According to Maddie’s Fund, there was initial disagreement within the animal sheltering community about the effect of short-term fostering on the dogs. Some loved the idea of providing dogs with a break from the shelter while others felt these brief sleepovers would cause more stress to the dogs, especially when returned to the shelter.

Markovits said she likens overnight or weekend sleepovers for shelter dogs to how humans feel after a weekend getaway.

“Think about how refreshed and calm you feel even after a short getaway?” the trainer said. “That same sense of calm and relaxation is what we see in all of our shelter dogs who get away for overnight or weekend sleepovers.”

Alaska, enjoyed a sleepover at a volunteer’s house when she was living at Pets Alive Animal Sanctuary in Middletown, NY.

The objective of the Maddie’s Fund study was to understand how overnight or short-term sleepovers with a foster caregiver affected shelter dogs’ cortisol levels, which can be an indicator of stress.

The researchers also wanted to see how behavioral observations in foster care relate to what adopters see immediately upon adoption and six months after the pets have settled into their new homes.

“To measure the dogs’ cortisol levels in the pilot study, we collected urine from the dogs the morning before the sleepover, the morning before being returned, and the next morning back at the shelter.” Lisa Gunter, a doctoral candidate at Arizona State University, explained. “For the behavioral component, we used questions from James Serpell’s C-BARQ questionnaire, a validated dog research questionnaire that asks owners to describe the dog’s behavior in a variety of everyday situations. We collected these questionnaires from shelter staff, the foster home and the new adopters.”


Study results showed dogs do indeed benefit from sleepovers. Here’s how.

1. Dogs were able to relax.

The dogs’ cortisol levels significantly dropped with just one overnight in a foster home.

Families in the study reported that the dogs would often sleep once they settled into their foster home. While the dogs’ cortisol levels did go back to previous levels when returned to the shelter they didn’t go any higher than that.

2. Volunteers became advocates.

Volunteers who took dogs on sleepovers became advocates for their foster dogs. They took the dogs to social events and promoted the dog on social media while they were fostering.

3. Feedback helped overcome myths about shelter dogs.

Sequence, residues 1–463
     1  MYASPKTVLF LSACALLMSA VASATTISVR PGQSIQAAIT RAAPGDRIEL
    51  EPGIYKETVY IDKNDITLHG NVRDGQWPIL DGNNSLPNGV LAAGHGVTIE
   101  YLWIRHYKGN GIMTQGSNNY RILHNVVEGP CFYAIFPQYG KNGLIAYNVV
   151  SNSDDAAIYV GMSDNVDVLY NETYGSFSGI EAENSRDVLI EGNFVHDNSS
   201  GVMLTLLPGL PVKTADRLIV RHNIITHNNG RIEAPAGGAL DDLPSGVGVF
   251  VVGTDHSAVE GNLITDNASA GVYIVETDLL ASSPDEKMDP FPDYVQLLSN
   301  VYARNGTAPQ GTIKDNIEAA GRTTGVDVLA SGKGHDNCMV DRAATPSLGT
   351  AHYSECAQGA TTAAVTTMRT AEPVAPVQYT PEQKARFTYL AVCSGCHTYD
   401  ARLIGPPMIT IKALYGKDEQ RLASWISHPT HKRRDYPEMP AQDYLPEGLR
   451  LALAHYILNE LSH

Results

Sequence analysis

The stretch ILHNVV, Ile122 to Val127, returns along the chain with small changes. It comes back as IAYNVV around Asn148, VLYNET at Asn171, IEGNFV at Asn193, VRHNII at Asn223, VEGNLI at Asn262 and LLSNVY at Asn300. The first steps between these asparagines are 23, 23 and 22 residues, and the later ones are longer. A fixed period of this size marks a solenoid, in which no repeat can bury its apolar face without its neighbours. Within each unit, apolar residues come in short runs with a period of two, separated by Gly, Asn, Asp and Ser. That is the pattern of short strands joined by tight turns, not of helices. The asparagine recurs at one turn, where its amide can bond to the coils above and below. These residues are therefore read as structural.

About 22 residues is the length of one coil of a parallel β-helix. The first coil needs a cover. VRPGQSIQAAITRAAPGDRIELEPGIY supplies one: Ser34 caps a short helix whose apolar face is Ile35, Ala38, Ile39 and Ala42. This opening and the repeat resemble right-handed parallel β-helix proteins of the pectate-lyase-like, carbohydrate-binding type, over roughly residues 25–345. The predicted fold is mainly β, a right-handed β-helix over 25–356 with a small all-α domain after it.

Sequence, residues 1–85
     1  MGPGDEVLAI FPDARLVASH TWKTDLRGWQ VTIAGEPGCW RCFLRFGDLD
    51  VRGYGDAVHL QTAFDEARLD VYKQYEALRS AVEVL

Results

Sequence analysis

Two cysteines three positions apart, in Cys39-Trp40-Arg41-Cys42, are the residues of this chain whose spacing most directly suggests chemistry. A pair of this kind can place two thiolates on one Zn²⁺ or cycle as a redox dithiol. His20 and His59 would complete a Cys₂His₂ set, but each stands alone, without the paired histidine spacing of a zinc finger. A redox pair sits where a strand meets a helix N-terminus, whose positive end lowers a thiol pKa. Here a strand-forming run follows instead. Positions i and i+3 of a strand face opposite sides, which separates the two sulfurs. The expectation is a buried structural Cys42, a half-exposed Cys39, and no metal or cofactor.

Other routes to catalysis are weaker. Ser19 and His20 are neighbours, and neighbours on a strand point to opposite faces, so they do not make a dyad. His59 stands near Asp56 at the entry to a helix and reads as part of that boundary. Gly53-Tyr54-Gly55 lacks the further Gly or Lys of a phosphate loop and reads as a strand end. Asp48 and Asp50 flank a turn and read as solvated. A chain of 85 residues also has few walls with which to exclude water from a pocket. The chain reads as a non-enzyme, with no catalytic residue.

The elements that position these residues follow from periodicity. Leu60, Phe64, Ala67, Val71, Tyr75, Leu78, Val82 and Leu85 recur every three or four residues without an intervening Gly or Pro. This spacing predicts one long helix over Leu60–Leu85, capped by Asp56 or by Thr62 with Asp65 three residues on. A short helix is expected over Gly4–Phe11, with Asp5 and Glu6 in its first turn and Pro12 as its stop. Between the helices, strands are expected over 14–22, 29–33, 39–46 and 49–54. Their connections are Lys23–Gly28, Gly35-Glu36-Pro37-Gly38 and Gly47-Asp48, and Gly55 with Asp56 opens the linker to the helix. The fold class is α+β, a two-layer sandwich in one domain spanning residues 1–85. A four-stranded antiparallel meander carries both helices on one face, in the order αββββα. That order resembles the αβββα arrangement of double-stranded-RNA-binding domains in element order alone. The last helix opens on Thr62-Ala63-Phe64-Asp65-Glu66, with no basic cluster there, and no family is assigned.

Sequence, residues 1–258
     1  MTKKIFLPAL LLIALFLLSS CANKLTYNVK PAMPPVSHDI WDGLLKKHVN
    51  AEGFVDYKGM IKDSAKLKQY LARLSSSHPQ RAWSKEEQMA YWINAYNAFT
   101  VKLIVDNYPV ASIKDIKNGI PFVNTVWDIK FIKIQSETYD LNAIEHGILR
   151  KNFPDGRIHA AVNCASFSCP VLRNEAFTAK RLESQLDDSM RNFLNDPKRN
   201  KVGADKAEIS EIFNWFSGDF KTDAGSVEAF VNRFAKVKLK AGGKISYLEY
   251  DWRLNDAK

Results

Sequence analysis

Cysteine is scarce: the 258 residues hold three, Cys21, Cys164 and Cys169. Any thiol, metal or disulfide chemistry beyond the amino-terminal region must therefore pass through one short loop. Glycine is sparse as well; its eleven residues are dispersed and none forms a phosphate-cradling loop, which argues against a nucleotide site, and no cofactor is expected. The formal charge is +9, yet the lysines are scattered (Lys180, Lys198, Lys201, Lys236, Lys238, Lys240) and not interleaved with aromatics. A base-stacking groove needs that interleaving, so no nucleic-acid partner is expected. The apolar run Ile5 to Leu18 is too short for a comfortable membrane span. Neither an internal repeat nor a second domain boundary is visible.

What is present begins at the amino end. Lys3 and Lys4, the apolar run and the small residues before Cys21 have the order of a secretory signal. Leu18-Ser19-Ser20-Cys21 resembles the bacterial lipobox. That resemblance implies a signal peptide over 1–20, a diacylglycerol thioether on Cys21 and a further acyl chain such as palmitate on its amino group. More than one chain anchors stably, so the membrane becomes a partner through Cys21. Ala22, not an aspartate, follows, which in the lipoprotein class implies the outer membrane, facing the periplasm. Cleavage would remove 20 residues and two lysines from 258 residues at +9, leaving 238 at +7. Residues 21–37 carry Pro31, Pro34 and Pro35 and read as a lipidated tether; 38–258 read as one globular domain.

The perception of shelter dogs as being “unknown” often prevents them from finding new homes.

Overnight and short-term sleepovers help to combat this stigma as volunteers share information on the dog’s temperament and behavior in a home environment.

4. The human-animal bond extended past the sleepover.

Volunteers who took dogs on sleepovers didn’t forget about the dog once he or she was back at the shelter.

Many volunteers in the study continued to actively work on behalf of “their” dog, checking on his or her adoption status, continuing to share the dog on social media, taking the dog to adoption events, and, in several cases, even continuing to foster the dog after the research component was over.

Pets Alive is always looking for new volunteers  including people who are willing to take dogs on overnight or weekend sleepovers.

A Maddie’s Fund manual on Short-Term Foster Care provides more information on why sleepovers are good for shelter dogs while also providing a great volunteer opportunity for people who can’t commit to long hours of volunteer work at a shelter.


How a Mentor Can Help You go Vegan

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It was a celebration at an all-the-meat-you-can-eat Brazilian restaurant that transformed my friend, Joy, from a meat eater to a compassionate vegan. As she transitioned to her new lifestyle, Joy visited farm sanctuaries and read read books on factory farming. Instead of seeking support from a mentor she started each day by watching Peaceable Kingdom: The Journey Home. The award-winning and life-changing documentary highlights the emotional lives of animals and the moral struggles of farmers who had a change of heart about the animals in their care.

According to Vegan Outreach, a nonprofit working to end violence towards animals, many people aspire to be vegetarian or vegan but need support in making the transition. Some – like Joy – find this support in books and media while others seek out a personal connection. Connecting to a vegan mentor can make the challenging transition to a compassionate diet less challenging.

A mentor can you help you transition to a vegan diet.

Two people shopping for vegan food.Vegan Outreach launched a Vegan Mentor Program to help those seeking one-on-one support. Through this program new and aspiring vegetarians and vegans—and established vegans who feel isolated in a world of meat eaters—are paired with mentors who provide guidance and support.

Today, the program has 2,300 mentors helping 4,300 mentees in 1,150 cities in 60 countries.

“Our mentors are non-judgmental and meet mentees wherever they are along their journey to reducing animal suffering,” said Vegan Mentor Program Coordinator Jean Bettanny.

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How to Build A Pet First Aid Kit